Qatar Airways Business-Class Seats Ranked From Best To Worst
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Flying long-haul business class with Qatar Airways is a treat. Between excellent in-flight catering, top notch amenities, and one of the world’s best business class lounges, you’re sure to enjoy the experience. Qatar has nine different types of widebody aircraft it uses on longhaul flights, and depending on what plane you’re on you might end up with the world’s best business class seat, or one that’s aggressively average. Let’s take a look at the different business class seats in Qatar’s long-haul fleet, from best to worst.
Qsuite Business Class on the Airbus A350-1000 and A350-900
Where they fly: London, New York (beginning October 27, 2018)
While the A350-900 has been in service for a few years now, Qatar recently took delivery of the world’s first A350-1000, and you’ll be happy to know that it comes installed with its industry leading Qsuite business-class product. These seats have raised the bar when it comes to international business class. They feature everything from sliding doors to center seats that can form a double bed — some center seats can even be made into a quad “bed.” The best place to experience the carrier’s best business-class seat is on its newest aircraft, the A350-1000. It’s full of next generation technology that allows for lower altitude pressurization, higher humidity, and great mood lighting that helps reduce the effects of jet lag. The lack of overhead bins in the center section gives the cabin an open and airy feeling, while the quiet engines make it even more comfortable to fly.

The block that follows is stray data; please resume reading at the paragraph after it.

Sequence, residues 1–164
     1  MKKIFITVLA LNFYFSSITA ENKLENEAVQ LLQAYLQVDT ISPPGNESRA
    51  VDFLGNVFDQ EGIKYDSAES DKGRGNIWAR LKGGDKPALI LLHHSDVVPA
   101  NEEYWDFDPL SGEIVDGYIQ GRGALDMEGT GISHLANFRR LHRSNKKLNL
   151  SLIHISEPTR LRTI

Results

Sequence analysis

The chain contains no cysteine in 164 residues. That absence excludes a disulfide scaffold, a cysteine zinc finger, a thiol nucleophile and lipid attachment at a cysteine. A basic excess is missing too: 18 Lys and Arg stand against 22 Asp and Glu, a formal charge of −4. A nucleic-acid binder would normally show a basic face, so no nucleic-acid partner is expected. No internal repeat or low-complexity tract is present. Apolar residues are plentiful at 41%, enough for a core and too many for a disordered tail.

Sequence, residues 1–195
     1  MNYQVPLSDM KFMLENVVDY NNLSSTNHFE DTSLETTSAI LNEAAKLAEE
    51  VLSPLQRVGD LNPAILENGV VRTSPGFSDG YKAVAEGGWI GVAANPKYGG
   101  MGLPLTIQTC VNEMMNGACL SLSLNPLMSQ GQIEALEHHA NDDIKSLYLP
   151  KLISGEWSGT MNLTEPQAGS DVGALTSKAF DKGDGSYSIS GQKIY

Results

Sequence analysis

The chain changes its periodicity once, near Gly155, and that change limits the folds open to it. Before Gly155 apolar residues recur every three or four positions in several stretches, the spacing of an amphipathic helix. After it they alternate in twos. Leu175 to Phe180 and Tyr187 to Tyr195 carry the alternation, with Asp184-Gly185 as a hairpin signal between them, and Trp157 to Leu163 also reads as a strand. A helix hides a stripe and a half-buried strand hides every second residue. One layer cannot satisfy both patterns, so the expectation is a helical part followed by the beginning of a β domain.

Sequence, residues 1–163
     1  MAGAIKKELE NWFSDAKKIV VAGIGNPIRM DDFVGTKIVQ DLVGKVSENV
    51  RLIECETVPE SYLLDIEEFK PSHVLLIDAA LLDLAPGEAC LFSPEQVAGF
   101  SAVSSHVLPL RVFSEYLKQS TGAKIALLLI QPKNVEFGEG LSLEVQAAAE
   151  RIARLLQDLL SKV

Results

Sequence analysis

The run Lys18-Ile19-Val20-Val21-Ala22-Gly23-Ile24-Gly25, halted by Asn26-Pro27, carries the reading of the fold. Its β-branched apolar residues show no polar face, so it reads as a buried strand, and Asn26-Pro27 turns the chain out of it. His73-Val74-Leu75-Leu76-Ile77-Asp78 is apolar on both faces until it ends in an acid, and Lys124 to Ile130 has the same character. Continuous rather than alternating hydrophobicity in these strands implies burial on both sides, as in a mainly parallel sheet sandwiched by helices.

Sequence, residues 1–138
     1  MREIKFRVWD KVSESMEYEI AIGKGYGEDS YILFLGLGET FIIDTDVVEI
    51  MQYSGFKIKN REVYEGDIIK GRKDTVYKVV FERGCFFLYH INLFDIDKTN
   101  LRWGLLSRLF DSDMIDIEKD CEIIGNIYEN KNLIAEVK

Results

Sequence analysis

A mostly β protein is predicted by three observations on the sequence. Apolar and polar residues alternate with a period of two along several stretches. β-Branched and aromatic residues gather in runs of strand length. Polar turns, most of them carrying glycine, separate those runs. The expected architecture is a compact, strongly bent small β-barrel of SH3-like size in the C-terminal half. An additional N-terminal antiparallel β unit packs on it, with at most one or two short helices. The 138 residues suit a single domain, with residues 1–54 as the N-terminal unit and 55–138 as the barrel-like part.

When Qatar took delivery of the first A350-1000, it also received an A350-900 featuring Qsuites (most of the other -900s have a different business-class product), which is currently flying to London. The airline has another 18 A350-900s on order, all of which should be delivered with the new Qsuites.
Qsuite Equipped Boeing 777s
Where they fly: JFK, IAD, ORD, IAH
If you can’t wait for the A350-1000s to start flying (regularly) to the US, Qatar’s retrofitted 777s give you another opportunity to fly what TPG editor-at-large Zach Honig calls “the world’s best business class.” He was especially impressed by how high-tech the seat was, including all the things you never knew you needed in the air (like an HDMI port). The first planes to be retrofitted with Qsuites were all 777-300ERs, but Qatar’s first 777-200LR with the new seats began service to Houston (IAH) earlier this summer. Given that only a small number of 777s have been outfitted with Qsuites, you’ll want to check the seat map of your specific flight before you book.
Airbus A350-900 / Boeing 787-8
Where they fly: JFK, BOS, PHL, MIA, ATL